As evidence that the silly season of summer has a theatrical equivalent, along comes Peter Oswald's Plautus-inspired jape "The Storm," which will attract more attention than it otherwise might as the last new full production of Mark Rylance's distinguished regime at Shakespeare's Globe.
As evidence that the silly season of summer has a theatrical equivalent, along comes Peter Oswald’s Plautus-inspired jape “The Storm,” which will attract more attention than it otherwise might as the last new full production of Mark Rylance’s distinguished regime at Shakespeare’s Globe. At this point, venue a.d. Rylance has no doubt earned the right to assume three separate roles collectively amounting to so much baiting of the critics, and response to the show will depend on a willingness to forgive a perf — indeed, a production — so casual they all but deconstruct themselves.
On the other hand, after playing Henry V, Richard II and Prospero, not to mention Cleopatra and “Twelfth Night’s” grief-prone Olivia, why shouldn’t Rylance be allowed a farewell lark? Long after the shenanigans that comprise “The Storm” have been filed away as sub-“A Funny Thing Happened On the Way to the Forum” (another Plautine romp), auds will remember Oswald’s play as the one in which Rylance sang, settled old scores, chatted to the audience and showed quite a bit of thigh.
Indeed, it’s possible to see director Tim Carroll’s production as his and Rylance’s about-face from the rigors of their masterful three-person “Tempest,” which opened this Globe season. “The Storm” resembles nothing so much as a time-honored reconciliation saga steeped in the traditions of British pantomime and also Monty Python: A woman comes in sporting wings for arms, only to announce that she’s “in plane (sic) clothes.”
That’s about the level of drollery, which will seem either tiring or faintly giddy, depending on one’s mood. From the start, we’re urged to turn off all “anachronisms,” but not for long: Cell phones equipped with cameras are pressed into service to create the sort of lightning display that the Globe — with its emphasis on minimal artificial light — could not itself provide.
Our young hero Sceparnio (James Garnon), slave to the bereft businessman and father Daemones (a likably shambolic Rylance, sporting a gruff American accent), speaks of some “as yet unnamed device,” which is another cell phone cue.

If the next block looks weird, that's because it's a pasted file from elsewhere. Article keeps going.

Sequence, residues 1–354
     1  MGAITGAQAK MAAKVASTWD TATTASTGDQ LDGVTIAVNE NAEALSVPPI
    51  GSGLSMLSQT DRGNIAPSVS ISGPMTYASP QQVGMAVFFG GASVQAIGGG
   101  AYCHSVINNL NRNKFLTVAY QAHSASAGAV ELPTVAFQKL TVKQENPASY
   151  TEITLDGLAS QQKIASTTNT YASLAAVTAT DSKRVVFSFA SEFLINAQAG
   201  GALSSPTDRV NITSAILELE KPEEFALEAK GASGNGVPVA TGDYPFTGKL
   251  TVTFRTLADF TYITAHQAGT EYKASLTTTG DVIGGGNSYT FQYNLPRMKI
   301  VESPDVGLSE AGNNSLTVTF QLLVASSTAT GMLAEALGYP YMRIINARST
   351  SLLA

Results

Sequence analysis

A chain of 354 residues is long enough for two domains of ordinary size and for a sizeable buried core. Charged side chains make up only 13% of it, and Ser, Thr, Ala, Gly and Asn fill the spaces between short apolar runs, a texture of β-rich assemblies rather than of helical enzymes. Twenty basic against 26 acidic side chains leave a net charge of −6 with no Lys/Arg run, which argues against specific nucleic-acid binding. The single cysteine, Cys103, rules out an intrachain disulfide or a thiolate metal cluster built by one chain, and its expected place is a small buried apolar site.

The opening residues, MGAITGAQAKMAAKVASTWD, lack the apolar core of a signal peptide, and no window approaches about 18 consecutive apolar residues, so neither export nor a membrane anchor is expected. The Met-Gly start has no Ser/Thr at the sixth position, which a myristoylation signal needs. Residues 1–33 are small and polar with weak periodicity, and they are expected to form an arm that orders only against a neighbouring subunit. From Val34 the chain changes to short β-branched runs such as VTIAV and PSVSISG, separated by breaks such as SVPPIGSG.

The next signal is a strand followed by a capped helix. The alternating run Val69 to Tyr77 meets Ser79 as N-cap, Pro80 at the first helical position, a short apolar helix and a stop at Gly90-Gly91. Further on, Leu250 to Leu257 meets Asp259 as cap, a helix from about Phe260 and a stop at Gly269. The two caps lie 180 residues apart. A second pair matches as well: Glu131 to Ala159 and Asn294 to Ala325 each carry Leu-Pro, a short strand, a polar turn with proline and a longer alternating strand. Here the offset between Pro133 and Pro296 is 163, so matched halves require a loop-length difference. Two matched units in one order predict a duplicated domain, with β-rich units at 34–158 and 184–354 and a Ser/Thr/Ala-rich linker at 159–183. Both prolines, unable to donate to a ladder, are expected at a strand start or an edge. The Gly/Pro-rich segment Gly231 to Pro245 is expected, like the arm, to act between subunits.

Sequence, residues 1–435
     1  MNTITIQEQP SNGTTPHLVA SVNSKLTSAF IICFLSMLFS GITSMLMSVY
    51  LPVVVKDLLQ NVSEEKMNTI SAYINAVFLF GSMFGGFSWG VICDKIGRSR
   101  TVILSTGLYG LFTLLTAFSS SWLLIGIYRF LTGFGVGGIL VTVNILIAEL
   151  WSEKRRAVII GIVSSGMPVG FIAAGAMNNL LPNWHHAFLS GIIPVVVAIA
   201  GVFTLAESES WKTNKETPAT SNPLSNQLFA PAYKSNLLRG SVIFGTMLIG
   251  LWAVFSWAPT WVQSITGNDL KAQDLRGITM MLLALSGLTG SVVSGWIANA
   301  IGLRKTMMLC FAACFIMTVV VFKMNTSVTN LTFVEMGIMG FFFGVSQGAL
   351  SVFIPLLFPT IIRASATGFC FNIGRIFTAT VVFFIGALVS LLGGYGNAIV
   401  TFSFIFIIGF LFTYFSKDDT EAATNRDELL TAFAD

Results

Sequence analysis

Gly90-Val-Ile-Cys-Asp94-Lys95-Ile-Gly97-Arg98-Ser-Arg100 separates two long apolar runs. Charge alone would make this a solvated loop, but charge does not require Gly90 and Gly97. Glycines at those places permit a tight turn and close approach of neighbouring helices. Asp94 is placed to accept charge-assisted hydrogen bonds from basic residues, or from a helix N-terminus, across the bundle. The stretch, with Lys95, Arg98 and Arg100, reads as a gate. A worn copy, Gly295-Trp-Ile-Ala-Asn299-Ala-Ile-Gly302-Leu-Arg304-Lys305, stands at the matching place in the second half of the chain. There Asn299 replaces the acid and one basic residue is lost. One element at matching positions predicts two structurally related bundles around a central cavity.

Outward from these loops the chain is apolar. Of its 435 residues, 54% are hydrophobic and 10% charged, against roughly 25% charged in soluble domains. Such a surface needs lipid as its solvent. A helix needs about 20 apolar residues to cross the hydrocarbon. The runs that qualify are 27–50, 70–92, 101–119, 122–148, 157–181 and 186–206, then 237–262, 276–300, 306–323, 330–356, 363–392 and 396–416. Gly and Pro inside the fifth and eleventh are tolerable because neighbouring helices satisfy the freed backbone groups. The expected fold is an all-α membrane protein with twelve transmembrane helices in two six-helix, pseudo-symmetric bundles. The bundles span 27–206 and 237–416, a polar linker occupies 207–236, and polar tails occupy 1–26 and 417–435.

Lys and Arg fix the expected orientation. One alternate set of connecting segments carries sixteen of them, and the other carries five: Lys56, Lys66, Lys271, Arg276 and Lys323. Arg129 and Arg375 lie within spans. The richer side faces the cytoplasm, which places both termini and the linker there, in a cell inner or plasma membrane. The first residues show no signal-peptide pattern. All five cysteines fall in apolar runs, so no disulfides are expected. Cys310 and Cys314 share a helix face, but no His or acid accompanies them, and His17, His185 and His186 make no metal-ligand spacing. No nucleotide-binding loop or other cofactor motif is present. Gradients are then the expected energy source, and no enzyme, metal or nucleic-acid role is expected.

There are “semen” puns, dizzying riffs on names (of Palaestra, we’re told “the nearest equivalent would be … Jim”) and melodies whose lyrics deliberately don’t scan. And just when you’re wondering what Plautus has to do with any of this, Rylance is on hand with an answer: “There’s a weak place in every plot, ladies and gentlemen, and in this case, the weak place is the plot.”
Such pronouncements don’t exactly give off undue confidence in the material, and you can’t help feeling as if Woody Allen has been there already with such quips as (from Sceparnio), “I am a great lover; I practice all the time on my own.”
The high spirits, too, tend to dilute the heft of a narrative whose thematic arc — the central issue here, as in “Forum,” pertains to freedom — builds to the reunion of Daemones with his long-abandoned daughter, Palaestra, who was kidnapped at age 3 and has spent her adult life as a prostitute.
But there’s great fun to be had from watching Rylance’s “Tempest” colleagues Alex Hassell and Edward Hogg joining in the spirit of a romp that finds Hogg extolling “The Usual Suspects” one minute while Hassell engages in some of the more herky-jerky movements that here pass as dance.
The principal women sound like variations on Jane Horrocks in “Ab Fab” (“Our life’s been horrible, but it can get worse,” one hooker advises another), leaving an especially hapless Globe steward to get in — albeit rather lethally — on the act.
Rylance, as always, plays the difficult Globe space like a master, his confidence by now so assured that he is perhaps too conversational; at times, he sacrifices audibility to a kind of offhand cool.
Though his avuncular Daemones demands most of his attention, he appears fleetingly as the Weather (“You can call me Clement”) and as a pimp amusingly prone to double negatives who goes by the name Labrax.
In keeping with Labrax’s syntax, one can report that “The Storm” is not unenjoyable, and that its star after 10 years departs the Globe a one-man whirlwind of deadpan.